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The Lesson Taught By Seagulls and Hungry Jack’s

Sydney, Australia - July 25, 2015: A Hungry Jack's restaurant in Sylvania. The fast-food chain is otherwise known as Burger King in the rest of the world.

It is important to know your consumer.  You really have to understand who that person is, where they like to spend their time, and how they are likely to consume your food product.  With this information, you can really create enticing product packaging that is both eye-appealing and highly functional.

If you think packaging is universal, that you can get away without doing the research into what makes your consumers tick, think again.  If you need evidence of how effective that added research can be, consider the company known as Hungry Jack’s.

Hungry Jack’s is an Australian fast food establishment, with stores located along the coast.  It didn’t take long for them the researchers to realize that their consumers are likely to enjoy their chips while on the beach.  Once they knew that, they looked at the possible problems and concerns consumers would have related to their previous food pouches.  The containers were functional, but there was one thing that many beach goers had trouble with – seagulls.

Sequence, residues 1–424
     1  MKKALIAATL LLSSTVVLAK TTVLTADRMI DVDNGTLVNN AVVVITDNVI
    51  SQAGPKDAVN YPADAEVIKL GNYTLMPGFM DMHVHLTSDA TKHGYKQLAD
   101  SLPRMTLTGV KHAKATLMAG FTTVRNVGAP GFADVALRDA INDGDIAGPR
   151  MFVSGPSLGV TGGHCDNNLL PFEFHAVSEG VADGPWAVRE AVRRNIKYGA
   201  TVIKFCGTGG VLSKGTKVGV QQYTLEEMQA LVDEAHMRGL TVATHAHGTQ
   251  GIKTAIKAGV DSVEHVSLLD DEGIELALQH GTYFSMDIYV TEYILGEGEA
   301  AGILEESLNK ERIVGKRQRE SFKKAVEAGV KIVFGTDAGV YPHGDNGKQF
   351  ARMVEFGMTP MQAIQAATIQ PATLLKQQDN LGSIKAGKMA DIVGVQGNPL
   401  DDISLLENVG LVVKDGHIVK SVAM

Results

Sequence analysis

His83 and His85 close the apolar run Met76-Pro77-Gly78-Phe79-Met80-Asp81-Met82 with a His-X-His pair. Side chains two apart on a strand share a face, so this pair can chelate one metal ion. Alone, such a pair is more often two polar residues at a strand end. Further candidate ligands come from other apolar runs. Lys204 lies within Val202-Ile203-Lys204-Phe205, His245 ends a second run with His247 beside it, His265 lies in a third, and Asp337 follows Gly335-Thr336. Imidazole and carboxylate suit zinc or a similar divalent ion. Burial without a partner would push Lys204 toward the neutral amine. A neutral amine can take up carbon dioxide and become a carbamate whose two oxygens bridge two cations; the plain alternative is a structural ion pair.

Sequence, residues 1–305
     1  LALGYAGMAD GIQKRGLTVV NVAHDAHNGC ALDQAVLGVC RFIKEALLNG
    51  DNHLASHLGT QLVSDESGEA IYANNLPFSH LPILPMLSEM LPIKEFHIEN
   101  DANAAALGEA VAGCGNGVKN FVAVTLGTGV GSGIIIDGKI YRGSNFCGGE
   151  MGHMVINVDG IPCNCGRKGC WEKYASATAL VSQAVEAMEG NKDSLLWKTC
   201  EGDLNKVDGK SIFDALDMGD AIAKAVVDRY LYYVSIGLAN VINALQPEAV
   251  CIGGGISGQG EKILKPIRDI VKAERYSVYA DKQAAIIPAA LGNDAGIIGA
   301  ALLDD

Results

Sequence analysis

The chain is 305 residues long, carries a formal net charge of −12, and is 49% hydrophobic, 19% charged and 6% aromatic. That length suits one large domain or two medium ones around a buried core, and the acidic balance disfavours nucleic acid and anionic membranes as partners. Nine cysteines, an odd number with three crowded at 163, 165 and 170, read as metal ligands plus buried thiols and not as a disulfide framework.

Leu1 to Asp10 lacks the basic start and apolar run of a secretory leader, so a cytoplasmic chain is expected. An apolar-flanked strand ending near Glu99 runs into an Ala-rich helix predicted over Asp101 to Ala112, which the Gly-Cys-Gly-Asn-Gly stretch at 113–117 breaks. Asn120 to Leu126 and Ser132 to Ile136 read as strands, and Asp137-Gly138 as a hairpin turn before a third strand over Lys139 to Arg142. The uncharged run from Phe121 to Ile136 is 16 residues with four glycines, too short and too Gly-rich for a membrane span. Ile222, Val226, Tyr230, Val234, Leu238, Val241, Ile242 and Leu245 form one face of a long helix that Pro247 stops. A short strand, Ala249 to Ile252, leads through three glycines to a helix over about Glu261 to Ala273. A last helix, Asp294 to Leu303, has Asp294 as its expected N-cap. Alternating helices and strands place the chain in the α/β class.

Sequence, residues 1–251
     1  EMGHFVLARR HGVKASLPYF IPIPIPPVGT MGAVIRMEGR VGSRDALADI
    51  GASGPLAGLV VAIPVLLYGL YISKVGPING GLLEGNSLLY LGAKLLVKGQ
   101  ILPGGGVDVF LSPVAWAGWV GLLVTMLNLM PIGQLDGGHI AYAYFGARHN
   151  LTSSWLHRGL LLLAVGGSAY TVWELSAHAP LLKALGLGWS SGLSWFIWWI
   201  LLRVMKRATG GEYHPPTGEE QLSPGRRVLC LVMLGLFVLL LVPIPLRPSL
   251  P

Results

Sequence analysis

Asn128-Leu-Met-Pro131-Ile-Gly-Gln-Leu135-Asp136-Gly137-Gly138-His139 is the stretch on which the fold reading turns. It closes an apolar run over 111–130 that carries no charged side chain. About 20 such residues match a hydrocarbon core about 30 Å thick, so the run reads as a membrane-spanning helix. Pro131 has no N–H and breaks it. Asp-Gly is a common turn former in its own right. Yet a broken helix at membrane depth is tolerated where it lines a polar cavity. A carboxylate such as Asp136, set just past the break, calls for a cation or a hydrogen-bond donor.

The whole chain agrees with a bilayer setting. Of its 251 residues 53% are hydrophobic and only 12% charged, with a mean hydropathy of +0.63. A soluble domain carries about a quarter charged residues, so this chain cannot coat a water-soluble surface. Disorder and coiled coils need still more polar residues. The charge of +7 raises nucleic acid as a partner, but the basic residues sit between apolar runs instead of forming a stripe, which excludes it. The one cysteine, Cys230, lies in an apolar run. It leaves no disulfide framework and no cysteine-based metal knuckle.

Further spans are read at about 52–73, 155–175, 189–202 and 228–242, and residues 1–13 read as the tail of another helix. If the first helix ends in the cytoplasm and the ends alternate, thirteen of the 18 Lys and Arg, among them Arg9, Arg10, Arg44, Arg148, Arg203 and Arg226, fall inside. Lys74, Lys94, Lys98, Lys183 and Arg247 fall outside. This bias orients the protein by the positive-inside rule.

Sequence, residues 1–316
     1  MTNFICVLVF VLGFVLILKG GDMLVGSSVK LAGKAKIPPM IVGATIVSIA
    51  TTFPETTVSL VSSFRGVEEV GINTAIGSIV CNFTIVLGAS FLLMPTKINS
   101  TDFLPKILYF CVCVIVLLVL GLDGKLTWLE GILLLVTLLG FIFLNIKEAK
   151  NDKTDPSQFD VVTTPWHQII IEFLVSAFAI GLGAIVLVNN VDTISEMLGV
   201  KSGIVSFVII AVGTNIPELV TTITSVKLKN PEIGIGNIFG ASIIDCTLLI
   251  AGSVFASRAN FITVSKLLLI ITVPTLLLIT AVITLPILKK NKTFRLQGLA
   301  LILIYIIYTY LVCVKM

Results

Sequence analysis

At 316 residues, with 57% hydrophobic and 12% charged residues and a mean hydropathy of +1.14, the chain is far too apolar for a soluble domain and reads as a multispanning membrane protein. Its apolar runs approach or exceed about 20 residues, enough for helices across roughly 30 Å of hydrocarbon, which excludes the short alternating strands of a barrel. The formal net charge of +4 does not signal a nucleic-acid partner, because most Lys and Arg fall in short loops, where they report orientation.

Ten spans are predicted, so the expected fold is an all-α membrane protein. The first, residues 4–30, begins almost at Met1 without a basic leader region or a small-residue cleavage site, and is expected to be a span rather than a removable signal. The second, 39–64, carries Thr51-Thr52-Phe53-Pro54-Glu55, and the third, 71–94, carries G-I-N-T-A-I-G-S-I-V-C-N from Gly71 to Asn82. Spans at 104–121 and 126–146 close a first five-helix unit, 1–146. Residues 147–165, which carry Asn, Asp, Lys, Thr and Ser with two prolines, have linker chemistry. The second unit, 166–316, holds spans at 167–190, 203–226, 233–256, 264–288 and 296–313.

Too many had fed the birds in the past, which meant that the flighty beach-lovers associated the food packaging with snacks.  This led to many people being harassed while carrying the chips on the beach.

The company set out to create something new, with the help of packaging designers.  The goal?  To create something that would deter the seagulls and allow consumers the chance to enjoy some chips by the ocean, in peace.  The solution?  New packaging products with a reflective surface.  The bright reflection of the sun, they found, was enough to scare the birds off.

Currently, the new packaging is being printed in relatively small quantities, until the brand can determine that it is appealing to the consumer.  After all, the goal is to repel the birds, not the humans.  There is much to be learned from the company’s successes with the packaging, though.  They took the initiative to learn about their consumers, including existing problems faced, before designing new packaging.  That meant that they could really consider what would be best for the people who would ultimately use it.